There has been an increased awareness and new interest in science and space, due to people like you and Neil deGrasse Tyson as well as the success of movies like “Gravity.” What's next for the ISS and space programs? There were some concerns about the ISS retiring in 2020 as well.
Hadfield: The ISS is a constant, year-by-year, funded project and nothing in the U.S. budget goes beyond one year at a time, of course, and you look ahead and 2020 is still seven years away and to say the ISS will retire in 2020 is far out reaching any practical decisions that are being made.
With the space station, it is all under discussion, how long it will be funded for its operational costs, that's just so far out to extrapolate at this point but other countries that are part of the ISS have already agreed to fund it beyond that. So, yeah, it's a natural process and to think it's been agreed to be funded as far as seven years ahead, that's almost two complete presidential administrations that need to demonstrate their support.
And in regards to manned missions and space programs?
Hadfield: Well, we need to continuously ask if it is worth it. That's the most valid question, we only have so much effort, so much gross domestic product, so much tax money and we need to constantly address, 'Are we doing this right?' 'Is this the right thing to do?' 'Is this the right percentage of our sweat and toil? How much do we spend on roads, on railways, on whatever and it's a discussion every space-fairing nation has and it's healthy one and it's one we ought to have.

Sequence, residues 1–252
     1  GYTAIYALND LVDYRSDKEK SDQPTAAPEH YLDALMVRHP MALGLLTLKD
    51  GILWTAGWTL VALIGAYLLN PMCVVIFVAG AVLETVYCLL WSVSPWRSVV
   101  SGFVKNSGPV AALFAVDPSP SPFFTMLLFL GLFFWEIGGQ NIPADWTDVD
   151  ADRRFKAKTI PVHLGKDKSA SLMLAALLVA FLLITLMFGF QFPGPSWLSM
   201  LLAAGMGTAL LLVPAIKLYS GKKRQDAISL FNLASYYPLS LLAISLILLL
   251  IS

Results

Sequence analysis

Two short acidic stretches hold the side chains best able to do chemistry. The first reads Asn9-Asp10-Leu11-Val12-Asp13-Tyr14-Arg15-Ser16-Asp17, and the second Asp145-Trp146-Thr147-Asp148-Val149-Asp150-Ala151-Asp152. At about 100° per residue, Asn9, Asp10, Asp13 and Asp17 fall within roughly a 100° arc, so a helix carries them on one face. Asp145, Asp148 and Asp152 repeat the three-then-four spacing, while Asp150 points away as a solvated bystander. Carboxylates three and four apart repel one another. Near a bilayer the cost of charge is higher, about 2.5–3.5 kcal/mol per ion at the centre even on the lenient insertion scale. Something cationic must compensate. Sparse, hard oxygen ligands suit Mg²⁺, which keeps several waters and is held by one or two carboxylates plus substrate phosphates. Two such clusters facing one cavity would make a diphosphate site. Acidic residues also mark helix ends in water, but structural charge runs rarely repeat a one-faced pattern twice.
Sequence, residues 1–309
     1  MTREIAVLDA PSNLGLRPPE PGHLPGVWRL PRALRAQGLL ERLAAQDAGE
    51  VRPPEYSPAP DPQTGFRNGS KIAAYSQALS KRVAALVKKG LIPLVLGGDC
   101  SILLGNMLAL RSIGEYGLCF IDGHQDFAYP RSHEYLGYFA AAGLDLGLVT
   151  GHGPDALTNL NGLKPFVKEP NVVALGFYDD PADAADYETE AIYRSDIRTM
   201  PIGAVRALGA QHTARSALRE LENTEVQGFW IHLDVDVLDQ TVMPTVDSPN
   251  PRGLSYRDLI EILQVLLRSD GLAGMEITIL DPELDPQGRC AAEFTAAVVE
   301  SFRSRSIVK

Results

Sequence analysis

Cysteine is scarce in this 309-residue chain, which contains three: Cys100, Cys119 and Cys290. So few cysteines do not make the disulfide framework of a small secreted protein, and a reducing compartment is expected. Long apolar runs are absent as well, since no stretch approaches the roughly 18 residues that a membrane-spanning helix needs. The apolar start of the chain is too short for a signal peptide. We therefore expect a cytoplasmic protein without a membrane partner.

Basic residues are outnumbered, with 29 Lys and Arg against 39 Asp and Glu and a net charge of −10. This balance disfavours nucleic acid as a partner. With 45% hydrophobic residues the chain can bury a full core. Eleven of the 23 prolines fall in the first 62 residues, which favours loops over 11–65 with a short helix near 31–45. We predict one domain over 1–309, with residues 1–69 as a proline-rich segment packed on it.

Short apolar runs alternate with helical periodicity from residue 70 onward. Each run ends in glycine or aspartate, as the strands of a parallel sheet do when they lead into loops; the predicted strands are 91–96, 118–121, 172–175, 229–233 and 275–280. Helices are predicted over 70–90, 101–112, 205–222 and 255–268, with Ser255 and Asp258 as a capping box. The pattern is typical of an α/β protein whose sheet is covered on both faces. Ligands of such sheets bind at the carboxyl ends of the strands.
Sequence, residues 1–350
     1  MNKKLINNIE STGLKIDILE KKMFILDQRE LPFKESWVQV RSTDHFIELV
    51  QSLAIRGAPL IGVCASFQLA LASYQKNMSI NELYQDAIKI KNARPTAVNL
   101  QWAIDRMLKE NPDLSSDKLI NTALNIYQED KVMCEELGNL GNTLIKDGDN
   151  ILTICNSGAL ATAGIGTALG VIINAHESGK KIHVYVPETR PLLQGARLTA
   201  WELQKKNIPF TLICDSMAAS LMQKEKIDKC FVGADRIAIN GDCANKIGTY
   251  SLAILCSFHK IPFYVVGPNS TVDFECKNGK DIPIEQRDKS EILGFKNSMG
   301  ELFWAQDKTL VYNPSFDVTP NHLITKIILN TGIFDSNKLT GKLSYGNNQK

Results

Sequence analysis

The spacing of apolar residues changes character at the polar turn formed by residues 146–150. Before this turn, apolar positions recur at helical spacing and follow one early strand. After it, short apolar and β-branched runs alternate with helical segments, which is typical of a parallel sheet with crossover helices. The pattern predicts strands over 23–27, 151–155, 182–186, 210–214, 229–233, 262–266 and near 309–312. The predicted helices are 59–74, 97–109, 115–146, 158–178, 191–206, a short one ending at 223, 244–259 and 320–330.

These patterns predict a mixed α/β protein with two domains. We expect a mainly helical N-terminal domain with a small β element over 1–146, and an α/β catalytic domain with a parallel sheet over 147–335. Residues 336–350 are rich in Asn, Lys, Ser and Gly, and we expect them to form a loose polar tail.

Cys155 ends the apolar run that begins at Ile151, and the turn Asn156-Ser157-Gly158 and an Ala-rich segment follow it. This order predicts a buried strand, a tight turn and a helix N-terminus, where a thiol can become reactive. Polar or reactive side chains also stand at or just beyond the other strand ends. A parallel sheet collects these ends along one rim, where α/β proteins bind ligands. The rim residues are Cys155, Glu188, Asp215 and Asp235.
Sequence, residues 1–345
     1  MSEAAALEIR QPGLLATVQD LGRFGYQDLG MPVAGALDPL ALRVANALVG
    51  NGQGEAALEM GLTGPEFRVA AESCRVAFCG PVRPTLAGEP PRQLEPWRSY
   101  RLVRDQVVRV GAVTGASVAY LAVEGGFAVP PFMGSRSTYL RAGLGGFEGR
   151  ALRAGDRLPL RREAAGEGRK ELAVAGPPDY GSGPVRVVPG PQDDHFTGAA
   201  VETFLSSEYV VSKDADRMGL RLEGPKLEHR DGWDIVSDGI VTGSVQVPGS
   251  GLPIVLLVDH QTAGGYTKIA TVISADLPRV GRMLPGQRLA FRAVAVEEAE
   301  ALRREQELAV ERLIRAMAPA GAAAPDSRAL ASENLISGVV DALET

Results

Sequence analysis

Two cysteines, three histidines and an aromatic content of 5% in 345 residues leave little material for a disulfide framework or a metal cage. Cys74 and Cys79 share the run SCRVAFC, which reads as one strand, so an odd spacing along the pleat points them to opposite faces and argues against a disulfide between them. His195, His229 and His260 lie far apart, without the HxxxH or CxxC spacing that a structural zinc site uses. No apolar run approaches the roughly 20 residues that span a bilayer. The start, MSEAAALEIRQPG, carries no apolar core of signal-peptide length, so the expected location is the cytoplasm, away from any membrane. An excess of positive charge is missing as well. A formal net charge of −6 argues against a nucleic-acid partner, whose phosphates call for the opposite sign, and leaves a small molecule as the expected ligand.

And, when you come right down to it, the real answer should be with the taxpayer, right? They are the ones footing the bill for it and they should agree that, of every whatever million or so we are spending, this particular amount should be spent on space travel because we think that's proportionately correct.
So how do you determine that? How do people even know? If they don't know what the space station does, or worse, they don't even know the space station exists, then it's very difficult for anybody to make an informed decision, or where we should go next. How could you possibly ask someone to make that recommendation if it hasn't been shown to them.
The beauty of the space station, and of human spaceflight, is that it is now at a level of maturity where you can invite people on-board, which is what I worked so hard to do on social media and all the videos I made. I could take a photograph, put it on my computer, send it to the ground with my thoughts as to why this was an interesting or important perspective of the world and do that interactively with the people and not telling people they need a space program but look at the world and what we can do, look at the world and what it looks like, look at how we see ourselves, have a look at the experiments that we have aboard, and that, to me, is the real key.
You have to show people and allow people to see what it does for us, to make an informed decisions on what to spend money on, and how much, and the reaction we got is very clear.
Millions of people are starting to see the world through the technological eyes that I could provide for them and if you track the number of people that were following what NASA is doing on the science side in the year, research the 200 or so experiments aboard, there's a distinct mean curve with the increased access that social media allows, there's a sudden, sharp change, slope increase, in the number of people that are following what NASA does.
It demonstrated the inherent interest that's out there, and the Bowie video is kind of a bizarre example of it, in that if you show them that this is not just a place to do research but also a place to think a little more about ourselves culturally, to see this perspective of ourselves and our place in our own developments here in the world, through the eyes of our cameras it brings us a perspective that's hard to get any other way and the reaction to that has been huge.